What is the impact of “liming” of streams and rivers on the abundance and diversity of fish and invertebrate populations? (systematic review)

What is the aim of the review?

“Acid rain” and the associated acidification of waterways first became a widespread environmental concern in the 1970’s (Menz and Seip 2004). In the aquatic environment, acidification of waterways frequently causes changes in ecosystems including a reduction in fish and invertebrate numbers and diversity (Schindler et al 1985, Moiseenko 2005).  Acidification has had a particularly large impact on salmon populations.

In order to mitigate the problems of ‘acid rain’, including acidification of waterways, considerable efforts have been made to reduce industrial emissions since the 1980’s. Despite the reductions in emissions, biological recovery has been variable (Ormerod and Durance 2009) and acid episodes may be restricting biological recovery (Kowalik et al 2007). As removing the cause of acidification by reducing emissions has not always allowed full recovery and taken time to implement, symptomatic mitigation strategies have also been used.  One of the most widespread mitigation techniques is the addition of calcium carbonate (lime) to a watercourse (Clair and Hindar 2005).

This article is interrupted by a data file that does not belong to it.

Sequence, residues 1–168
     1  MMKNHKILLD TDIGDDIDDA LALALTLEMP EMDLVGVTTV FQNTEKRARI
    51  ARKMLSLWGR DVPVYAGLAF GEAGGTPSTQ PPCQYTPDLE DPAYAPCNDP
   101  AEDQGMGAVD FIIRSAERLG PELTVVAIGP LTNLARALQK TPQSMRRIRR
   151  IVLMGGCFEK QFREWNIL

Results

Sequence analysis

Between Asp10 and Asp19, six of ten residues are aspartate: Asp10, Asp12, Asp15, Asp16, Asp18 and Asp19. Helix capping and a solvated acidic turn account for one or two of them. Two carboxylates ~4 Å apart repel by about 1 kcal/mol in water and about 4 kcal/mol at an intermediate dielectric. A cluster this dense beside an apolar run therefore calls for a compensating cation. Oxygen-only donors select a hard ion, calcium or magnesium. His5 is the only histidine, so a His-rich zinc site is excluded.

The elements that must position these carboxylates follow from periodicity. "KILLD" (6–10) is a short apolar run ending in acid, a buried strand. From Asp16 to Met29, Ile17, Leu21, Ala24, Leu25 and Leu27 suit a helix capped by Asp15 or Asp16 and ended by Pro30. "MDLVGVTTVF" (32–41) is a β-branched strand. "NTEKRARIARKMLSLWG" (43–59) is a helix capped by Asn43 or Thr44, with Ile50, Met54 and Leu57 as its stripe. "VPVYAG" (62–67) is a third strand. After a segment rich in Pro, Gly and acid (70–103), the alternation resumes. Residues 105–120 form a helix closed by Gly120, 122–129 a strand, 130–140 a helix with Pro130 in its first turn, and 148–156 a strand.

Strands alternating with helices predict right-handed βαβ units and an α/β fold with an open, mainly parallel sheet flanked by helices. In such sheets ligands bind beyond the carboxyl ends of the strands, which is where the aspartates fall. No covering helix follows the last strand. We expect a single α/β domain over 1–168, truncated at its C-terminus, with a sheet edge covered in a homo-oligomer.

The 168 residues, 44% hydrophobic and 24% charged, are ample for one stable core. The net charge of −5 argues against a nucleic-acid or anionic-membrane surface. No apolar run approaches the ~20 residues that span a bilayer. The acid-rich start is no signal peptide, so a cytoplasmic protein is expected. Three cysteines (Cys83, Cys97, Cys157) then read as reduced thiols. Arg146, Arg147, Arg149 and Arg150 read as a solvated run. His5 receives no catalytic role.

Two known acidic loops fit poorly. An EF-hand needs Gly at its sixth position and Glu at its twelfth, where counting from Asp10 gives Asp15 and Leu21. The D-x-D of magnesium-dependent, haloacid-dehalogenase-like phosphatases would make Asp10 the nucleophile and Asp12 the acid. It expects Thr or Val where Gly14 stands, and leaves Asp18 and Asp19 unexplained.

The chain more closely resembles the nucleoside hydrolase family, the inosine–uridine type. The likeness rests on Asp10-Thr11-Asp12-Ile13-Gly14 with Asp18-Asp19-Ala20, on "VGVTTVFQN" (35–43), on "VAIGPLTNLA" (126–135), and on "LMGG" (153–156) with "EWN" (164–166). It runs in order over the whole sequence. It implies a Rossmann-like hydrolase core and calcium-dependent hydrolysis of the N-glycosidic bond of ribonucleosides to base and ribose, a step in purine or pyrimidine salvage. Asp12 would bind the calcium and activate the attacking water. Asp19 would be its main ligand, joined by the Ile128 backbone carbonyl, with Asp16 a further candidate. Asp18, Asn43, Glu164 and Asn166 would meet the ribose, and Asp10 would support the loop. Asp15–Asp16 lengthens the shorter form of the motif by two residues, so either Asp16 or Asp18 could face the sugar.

There are still uncertainties about the effects on fish and invertebrates. For the first time, this systematic review summarises the best available evidence on the effectiveness of liming in restoring invertebrates and fish in rivers.

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